Day 65: The Right Path

Good Sleeping Weather

Last night was deliciously cold. It had been a while since I pulled out the long johns and pulled up the covers. I left the wool socks in my clothes sack because Gus has been providing foot-warming services. We have an agreement. He gets the window well in the van, and my feet go on his back.

We’d parked ten feet from the AT, so I was hiking by 7:00 a.m. Northstar barely stirred when Gus and I left to chase the morning mists. I do love walking the trail while everyone else sleeps. I didn’t see another person until 10:45 a.m. As a matter of fact, after seeing almost 50 people yesterday, I didn’t see more than ten hikers today.

Perfect Walking Weather

It was a perfect morning for walking alone. The air had been freshly cleaned by yesterday’s rain, the wind had mostly dried the grasses and brush along the trail, and the night’s chill hadn’t yet burned off. Walking is best when you’d need your puffy if you stopped, but just your edges are cold while you’re moving.

Happy to be rid of the fog and rain, the woods put on a spectacular show. Ferns blanketed the forest floor, their fronds sticking out every which way, like a tow-headed nine-year-old’s hair at Saturday morning breakfast. The tree canopy let in just enough light to dapple the ferns in alternating bright sun and deep shade that gently shifted patterns with the breeze.

A strong breeze rustled the trees’ upper canopy, though the air at trail level barely moved. A chorus of invisible birds sung their greetings up there, chasing away my earworms. Occasionally, birds dropped down to dart in front of us in a flash of red or yellow, before disappearing as fast as they had appeared. Even more rarely, one landed on the trail ahead of us, bring Gus to attention though even he seemed to know this moment was not for chasing the wildlife.

On the Right Path

In a world of constant stimulation, the trail through the southern Appalachian woods is a place of constant soothing. The chilled greens and damp browns clean my mind and bring me peace. White blazes on dark brown tree trunks appear periodically to tell me I am on the right path. Most assuredly, I am on the right path.

Side Hill Trails

Side hill trails may be my favorite, and not just because they hug the contours, making the walking easy. Along a side hill traverse, I can see deep into the valley below where there ought to be bears foraging. I can also see into the upper canopy of the trees below me, which give me glimpses of the birds I usually only hear.

But most of all, I love the way the side hill trails rhythmically sag downhill like powerlines between towers. Gravity would pull the trail completely downhill if it weren’t clothespinned in place by anchoring trees, too deeply rooted to be bothered by Newton’s formulas.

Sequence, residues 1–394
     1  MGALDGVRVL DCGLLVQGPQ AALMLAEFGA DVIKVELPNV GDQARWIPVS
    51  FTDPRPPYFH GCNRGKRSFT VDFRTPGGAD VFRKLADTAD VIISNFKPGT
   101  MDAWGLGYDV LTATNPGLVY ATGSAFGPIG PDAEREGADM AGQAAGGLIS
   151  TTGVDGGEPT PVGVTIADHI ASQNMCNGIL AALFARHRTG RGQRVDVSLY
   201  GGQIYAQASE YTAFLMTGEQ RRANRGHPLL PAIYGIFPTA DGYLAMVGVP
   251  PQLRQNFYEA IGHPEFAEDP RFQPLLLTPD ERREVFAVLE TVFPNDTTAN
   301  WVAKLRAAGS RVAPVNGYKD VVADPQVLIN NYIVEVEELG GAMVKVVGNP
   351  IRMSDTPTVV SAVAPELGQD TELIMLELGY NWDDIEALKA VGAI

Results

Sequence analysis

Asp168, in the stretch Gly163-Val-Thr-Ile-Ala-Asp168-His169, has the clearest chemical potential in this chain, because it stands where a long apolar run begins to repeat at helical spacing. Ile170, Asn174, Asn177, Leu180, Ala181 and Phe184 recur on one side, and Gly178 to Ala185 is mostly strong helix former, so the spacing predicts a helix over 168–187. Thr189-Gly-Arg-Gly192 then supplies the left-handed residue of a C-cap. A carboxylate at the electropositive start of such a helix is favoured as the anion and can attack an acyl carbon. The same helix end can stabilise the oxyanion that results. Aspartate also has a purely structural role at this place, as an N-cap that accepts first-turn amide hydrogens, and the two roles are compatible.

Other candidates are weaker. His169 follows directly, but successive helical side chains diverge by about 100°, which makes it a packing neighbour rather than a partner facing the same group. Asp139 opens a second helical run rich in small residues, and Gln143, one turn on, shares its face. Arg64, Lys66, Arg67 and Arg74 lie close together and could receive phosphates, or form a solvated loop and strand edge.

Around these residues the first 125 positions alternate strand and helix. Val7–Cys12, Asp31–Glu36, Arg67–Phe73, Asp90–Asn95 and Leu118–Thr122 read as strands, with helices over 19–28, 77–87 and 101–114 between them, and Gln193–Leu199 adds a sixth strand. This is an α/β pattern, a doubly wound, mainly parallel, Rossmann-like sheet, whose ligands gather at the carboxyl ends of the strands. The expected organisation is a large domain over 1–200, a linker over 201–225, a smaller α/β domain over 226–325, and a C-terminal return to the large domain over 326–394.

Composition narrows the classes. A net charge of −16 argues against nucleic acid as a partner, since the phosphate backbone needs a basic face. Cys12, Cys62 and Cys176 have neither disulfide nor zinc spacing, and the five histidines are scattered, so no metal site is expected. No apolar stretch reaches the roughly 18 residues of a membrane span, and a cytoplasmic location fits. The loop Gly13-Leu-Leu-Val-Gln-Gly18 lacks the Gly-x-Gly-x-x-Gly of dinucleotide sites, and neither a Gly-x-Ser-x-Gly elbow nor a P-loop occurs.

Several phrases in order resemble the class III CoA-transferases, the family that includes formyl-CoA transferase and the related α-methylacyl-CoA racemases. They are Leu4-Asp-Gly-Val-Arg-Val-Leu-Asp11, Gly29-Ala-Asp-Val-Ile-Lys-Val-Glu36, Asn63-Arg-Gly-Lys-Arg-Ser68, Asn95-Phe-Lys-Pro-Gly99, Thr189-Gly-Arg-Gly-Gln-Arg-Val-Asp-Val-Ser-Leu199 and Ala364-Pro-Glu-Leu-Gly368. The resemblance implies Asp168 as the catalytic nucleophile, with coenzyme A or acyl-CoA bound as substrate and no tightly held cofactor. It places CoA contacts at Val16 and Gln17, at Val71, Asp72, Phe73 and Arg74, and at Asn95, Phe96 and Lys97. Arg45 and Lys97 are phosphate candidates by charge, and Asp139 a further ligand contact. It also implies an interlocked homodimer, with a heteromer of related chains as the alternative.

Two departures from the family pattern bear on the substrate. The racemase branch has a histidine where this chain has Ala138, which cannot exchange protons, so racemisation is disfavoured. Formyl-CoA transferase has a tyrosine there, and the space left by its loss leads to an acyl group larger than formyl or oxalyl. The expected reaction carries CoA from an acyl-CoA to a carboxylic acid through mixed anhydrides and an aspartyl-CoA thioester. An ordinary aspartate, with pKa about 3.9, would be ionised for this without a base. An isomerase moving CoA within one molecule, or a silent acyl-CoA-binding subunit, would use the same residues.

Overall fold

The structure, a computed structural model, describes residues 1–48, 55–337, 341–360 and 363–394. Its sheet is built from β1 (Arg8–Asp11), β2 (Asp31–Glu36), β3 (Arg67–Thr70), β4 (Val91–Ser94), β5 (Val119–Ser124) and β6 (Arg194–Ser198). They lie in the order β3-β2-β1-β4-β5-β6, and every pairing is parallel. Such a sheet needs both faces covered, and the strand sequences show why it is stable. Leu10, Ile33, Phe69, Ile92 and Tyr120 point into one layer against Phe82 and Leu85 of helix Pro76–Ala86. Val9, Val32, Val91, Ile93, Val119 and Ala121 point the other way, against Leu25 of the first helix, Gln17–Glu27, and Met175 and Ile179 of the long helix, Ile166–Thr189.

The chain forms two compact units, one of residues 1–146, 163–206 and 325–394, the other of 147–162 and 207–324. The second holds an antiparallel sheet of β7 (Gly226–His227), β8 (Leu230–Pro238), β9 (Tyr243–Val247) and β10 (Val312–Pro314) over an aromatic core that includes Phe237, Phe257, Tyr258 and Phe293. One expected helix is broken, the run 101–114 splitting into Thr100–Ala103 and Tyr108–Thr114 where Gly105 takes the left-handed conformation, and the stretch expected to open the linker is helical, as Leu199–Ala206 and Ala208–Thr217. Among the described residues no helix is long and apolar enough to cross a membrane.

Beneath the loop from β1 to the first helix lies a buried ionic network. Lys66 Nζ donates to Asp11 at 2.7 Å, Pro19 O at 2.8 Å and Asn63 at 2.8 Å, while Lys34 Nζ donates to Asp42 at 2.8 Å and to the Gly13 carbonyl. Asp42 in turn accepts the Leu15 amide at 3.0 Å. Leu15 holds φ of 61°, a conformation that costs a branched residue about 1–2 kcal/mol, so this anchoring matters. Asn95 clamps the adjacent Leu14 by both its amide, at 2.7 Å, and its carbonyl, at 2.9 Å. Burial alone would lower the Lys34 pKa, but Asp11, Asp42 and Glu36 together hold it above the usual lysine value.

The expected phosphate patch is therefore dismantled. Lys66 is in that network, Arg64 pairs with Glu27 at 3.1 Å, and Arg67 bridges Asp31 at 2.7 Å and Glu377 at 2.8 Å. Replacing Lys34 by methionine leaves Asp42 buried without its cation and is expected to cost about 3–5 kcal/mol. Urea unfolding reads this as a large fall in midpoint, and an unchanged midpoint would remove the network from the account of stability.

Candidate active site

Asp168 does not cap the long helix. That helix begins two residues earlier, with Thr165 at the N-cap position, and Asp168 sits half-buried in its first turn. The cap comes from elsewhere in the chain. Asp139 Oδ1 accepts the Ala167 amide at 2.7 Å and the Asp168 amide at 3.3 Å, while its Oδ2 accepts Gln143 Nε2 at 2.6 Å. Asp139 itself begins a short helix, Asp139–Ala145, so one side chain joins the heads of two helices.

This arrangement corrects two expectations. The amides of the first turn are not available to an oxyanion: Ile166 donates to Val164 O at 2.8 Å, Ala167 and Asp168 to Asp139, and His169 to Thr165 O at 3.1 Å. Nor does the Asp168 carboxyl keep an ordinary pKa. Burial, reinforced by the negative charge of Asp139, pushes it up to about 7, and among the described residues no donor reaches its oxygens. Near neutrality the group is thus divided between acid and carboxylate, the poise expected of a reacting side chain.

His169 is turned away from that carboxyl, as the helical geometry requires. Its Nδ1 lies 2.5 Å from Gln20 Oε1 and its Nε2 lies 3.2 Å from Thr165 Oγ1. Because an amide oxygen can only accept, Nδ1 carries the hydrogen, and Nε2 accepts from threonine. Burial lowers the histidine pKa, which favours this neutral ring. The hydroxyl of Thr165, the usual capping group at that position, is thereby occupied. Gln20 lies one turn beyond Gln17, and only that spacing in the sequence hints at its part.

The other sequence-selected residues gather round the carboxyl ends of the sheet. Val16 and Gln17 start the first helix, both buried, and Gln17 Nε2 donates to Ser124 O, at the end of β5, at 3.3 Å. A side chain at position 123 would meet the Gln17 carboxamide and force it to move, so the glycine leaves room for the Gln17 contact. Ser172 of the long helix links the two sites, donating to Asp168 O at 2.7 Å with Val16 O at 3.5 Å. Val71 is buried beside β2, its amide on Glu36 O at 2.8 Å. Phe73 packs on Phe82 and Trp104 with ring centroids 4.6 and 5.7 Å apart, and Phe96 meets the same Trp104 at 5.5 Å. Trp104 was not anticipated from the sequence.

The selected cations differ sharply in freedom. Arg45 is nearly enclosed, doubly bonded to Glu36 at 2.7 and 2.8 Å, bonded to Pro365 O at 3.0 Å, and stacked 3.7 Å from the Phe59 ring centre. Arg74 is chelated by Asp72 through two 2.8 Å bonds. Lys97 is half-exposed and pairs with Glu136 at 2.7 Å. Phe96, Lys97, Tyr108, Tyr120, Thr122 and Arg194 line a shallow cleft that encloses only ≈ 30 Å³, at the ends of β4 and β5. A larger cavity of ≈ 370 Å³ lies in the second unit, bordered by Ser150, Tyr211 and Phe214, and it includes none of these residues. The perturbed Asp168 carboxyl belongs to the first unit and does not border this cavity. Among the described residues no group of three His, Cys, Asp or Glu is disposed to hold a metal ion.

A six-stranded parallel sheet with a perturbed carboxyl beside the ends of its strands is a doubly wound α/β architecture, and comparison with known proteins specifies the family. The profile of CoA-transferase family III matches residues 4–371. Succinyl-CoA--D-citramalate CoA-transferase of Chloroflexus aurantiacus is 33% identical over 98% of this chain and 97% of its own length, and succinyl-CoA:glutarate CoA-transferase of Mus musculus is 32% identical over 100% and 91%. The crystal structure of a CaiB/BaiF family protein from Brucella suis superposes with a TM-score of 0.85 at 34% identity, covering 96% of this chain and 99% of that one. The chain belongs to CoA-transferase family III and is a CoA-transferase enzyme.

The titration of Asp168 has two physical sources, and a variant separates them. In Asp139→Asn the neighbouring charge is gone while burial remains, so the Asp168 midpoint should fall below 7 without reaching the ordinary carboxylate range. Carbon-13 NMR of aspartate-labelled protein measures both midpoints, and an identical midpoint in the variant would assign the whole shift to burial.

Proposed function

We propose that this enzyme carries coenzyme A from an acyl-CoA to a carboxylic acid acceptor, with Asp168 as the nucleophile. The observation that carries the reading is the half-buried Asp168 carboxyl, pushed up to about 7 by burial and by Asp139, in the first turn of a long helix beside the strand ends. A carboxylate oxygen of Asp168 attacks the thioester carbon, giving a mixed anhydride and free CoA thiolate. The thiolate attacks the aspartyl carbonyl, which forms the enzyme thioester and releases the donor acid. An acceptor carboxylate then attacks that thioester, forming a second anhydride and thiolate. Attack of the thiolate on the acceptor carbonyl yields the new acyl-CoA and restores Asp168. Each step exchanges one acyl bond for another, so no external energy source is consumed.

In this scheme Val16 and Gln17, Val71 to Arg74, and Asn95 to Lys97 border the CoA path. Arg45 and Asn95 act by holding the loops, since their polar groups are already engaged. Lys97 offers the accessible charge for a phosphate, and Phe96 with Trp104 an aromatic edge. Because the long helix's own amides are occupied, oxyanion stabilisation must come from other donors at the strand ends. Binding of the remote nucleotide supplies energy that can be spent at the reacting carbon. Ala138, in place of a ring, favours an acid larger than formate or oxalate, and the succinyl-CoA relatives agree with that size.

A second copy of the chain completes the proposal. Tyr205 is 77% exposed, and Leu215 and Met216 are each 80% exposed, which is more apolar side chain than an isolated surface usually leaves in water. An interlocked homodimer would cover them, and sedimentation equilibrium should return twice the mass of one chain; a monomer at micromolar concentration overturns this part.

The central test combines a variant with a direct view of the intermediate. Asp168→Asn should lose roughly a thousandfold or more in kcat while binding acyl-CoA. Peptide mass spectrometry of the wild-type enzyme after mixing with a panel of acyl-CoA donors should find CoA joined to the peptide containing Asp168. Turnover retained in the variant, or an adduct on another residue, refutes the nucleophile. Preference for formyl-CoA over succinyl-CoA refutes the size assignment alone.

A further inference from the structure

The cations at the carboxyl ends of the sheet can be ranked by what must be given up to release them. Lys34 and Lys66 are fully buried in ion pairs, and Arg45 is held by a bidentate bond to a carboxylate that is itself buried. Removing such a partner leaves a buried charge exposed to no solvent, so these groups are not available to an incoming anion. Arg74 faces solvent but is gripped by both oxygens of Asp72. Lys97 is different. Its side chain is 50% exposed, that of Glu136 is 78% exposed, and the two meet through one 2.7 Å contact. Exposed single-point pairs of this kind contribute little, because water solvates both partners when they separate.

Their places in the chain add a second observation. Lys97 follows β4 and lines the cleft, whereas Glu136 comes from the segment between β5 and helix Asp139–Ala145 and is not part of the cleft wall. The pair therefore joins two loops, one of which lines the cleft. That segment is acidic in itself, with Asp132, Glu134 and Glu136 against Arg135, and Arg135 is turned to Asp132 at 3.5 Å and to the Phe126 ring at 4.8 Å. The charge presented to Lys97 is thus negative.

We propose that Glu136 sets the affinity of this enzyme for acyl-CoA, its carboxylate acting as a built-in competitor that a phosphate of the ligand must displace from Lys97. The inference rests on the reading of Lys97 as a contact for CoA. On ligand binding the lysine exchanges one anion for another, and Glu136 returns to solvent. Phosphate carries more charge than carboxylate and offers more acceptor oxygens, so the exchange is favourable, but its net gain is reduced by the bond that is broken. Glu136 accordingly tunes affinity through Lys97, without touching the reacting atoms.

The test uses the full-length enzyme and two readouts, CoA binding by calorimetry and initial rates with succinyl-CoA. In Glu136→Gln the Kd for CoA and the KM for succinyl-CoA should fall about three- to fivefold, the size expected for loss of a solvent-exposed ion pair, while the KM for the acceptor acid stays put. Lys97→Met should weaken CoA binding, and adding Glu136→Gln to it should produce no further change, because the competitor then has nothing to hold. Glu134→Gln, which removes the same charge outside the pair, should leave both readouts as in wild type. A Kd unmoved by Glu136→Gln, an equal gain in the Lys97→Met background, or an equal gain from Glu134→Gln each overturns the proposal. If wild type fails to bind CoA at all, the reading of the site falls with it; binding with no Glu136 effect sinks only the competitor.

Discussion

Everything about the trail was soft today, at least until I reached the top of the day’s climb at The Priest. The path was soft and smooth, almost like a rubberized playground surface. Recently cleared of overgrowth, Gus and I could often walk shoulder to shin, catching each other’s eye as I told him about what he was seeing.


Today’s milestones included Spy Rock, a lookout that promised 360-degree views and mostly delivered. We stopped for an early lunch and water at the viewpoint. I drank what I brought, and Gus sampled the rainwater trapped in bedrock depressions, which we call tinajas in the Southwest.

Next up was The Priest Shelter, where thru hikers fill the shelter log with confessions of their trail transgressions. I poured Gus a bowl of kibble while we waited to read the log and add our own sins. But when the hiker sitting next to me lit a cigarette (inside the shelter), we decided to finish our climb up The Priest (mountain) and left him to the confessional.

I confess my impatience with such behavior and that I make up names for hikers that don’t introduce themselves. Like Smokestack, who I left puffing away in the shelter. And the Witch, who passed me yesterday again without so much as a nod. Fortunately, it was too cold and wet for the snakes she’d sent my way the last two times I saw her, though I kept a sharp lookout anyway.

After we summited The Priest, we had a punishing four-mile, 3,200-foot, rocky, steppy descent that pounded my knees and ankles and had me counting the miles until we met Northstar at the Tye River.

Daily Stats:

  • Start: Salt Log Gap (Mile 817.6)
  • End: Tye River/VA56 (Mile 834.4)
  • Weather: Sunny, cool, breezy.
  • Earworm: Just the wind
  • Meditation: Mt. 12:36-37
  • Plant of the Day: Ferns
  • Best Thing: Camping at the trailhead, out at 7:00 am
  • Worst Thing: 3,200-foot descent off The Priest


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Comments 10

  • Roz : Jun 15th

    I enjoy the adventures of Jon and Gus with a coffee each morning! Thank you for the efforts it takes to keep journaling.

    • Jon : Jun 17th

      My pleasure! Thanks, Roz.

  • Homeward : Jun 15th

    Glad to read the joy, peace and contentment in your post. Sometimes the trail is so good in the morning that you don’t even notice the dozens of spiderweb that sprang up overnight (but not often 🙂).
    Take care.

    • Jon : Jun 17th

      How do those spiders do that? Amazing productivity!

  • Chris : Jun 15th

    This was such a a pleasure to read; beautiful writing and funny too. You’ll have to let us know about future run ins with the witch and smokestack!

    • Jon : Jun 17th

      Will do. Love them both.

  • Smokestack Buak : Jun 15th

    Enjoying you write ups. Sorry about smoking un the shelter, I should know better.

    • Jon : Jun 17th

      Haha! Smokestack, is that really you?

  • Mike Nixon : Jun 20th

    Great, descriptive writing, well done, sir!

    Stay safe, and may God bless you & Northstar.

    • Jon : Jun 22nd

      Thx, Mike. He certainly has.


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